Phyllis White was a CPA who’d arrived in Mendocino County some time in the early 1980’s with her husband, Bill White. Phyllis was, in the description of a man whose taxes she’d prepared for him, “highly attractive, beautifully dressed brunette from a privileged East Coast upbringing, good schools and so forth. She and her then-husband had supposedly fled Silicon Valley to live the good life on the North Coast. A couple of years later they’d separated, and he got busted for running a major league meth lab that blew up one day. He went away for a stretch of serious state 11-cents-per-hour employment, and she took up with some mountain man types in Albion. I ran into her at the Floodgate Cafe in the mid-90s when crazy Franklin Earle was cooking there and she was unrecognizable.

“I think if you put her life together over the past 15 years, it would be a classic cautionary tale about drugs, money and what happens to too many folks like Phyllis in deepest, darkest Mendonesia.”

Bill White was a generation older than Phyllis. He was in his late 40’s to early 50’s, she was in her mid-30’s. The couple first settled in Elk. They appeared to be quite well-to-do. They’d met at the Atari Corporation, and had lived together in Sunnyvale. Phyllis was the personnel director responsible for screening new employees. Bill either invented “Pong” — the first video game that could be played on a television screen — or was the owner or distributor of the game. He made a lot of money, whatever his role in Pong, and Phyllis, smart and attractive, pulled down a good salary, too.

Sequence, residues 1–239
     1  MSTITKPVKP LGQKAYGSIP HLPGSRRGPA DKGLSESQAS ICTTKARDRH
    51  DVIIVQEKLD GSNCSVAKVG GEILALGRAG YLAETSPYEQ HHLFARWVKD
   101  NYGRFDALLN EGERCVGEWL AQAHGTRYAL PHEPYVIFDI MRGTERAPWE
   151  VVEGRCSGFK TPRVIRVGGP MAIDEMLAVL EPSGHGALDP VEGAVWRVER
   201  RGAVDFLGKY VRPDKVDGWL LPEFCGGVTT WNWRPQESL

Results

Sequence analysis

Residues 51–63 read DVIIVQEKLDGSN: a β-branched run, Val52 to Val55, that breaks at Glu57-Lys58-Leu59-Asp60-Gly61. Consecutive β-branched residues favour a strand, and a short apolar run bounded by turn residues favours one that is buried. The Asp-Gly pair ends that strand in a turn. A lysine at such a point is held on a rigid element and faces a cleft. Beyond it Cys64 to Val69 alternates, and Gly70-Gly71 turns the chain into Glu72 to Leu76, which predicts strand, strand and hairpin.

Bill White apparently left his wife and children for a new life with Phyllis just before they put down in Elk, the little purple village by the sea. Bill and Phyllis told friends in Elk that they were pursuing a lawsuit against Atari over Pong. Or maybe it was against Apple over Pac Man. This kind of talk in the old Oasis, a drop-fall drinking establishment at Elk’s south end, wasn’t to be confused with a 9am deposition. Elk people thought of Bill and Phyllis as yuppies. “Phyllis stayed yuppie, Bill went hippie-native,” an acquaintance recalls.

Bill and Phyllis built a big house on Cameron Road north of Elk, employing many locals to do the work. There was much talk about the Cameron Road place’s implausible grandiosity; it featured a flat Spanish-tiled roof upon which the couple placed their water tank. “We all thought the water tank was going to crush the place with them in it some stormy night,” a neighbor said.

Just after the house was finished, Bill and Phyllis split the blanket. “It was a mean divorce,” one of Phyllis’s friends remembers. “I don’t know what happened to the house. I think they sold it. She started an accounting business in Mendocino that did well for a few years but, the way I heard it, it was caught up some way in Bill’s drug bust and Phyllis closed shop as a result of his problems.”

After Bill and Phyllis divorced, Bill grew his beard and hair very long and began walking around with a Moses-like staff. Bill’s presentation was totally Old Testament, not that he necessarily stood out on the Coast; downtown Mendocino often resembles a casting call for Ben Hur.

Although he came to resemble a street nut, er eccentric, Bill always seemed to have three or four attractive young women with him. He was active in the Jesse Jackson campaign of 1988, and Redwood Summer of 1990. Then he was busted for methamphetamine production and went off to state prison. Nobody seems to know if he’s out. Everybody knows Phyllis is dead.

Few couples have gone to hell faster.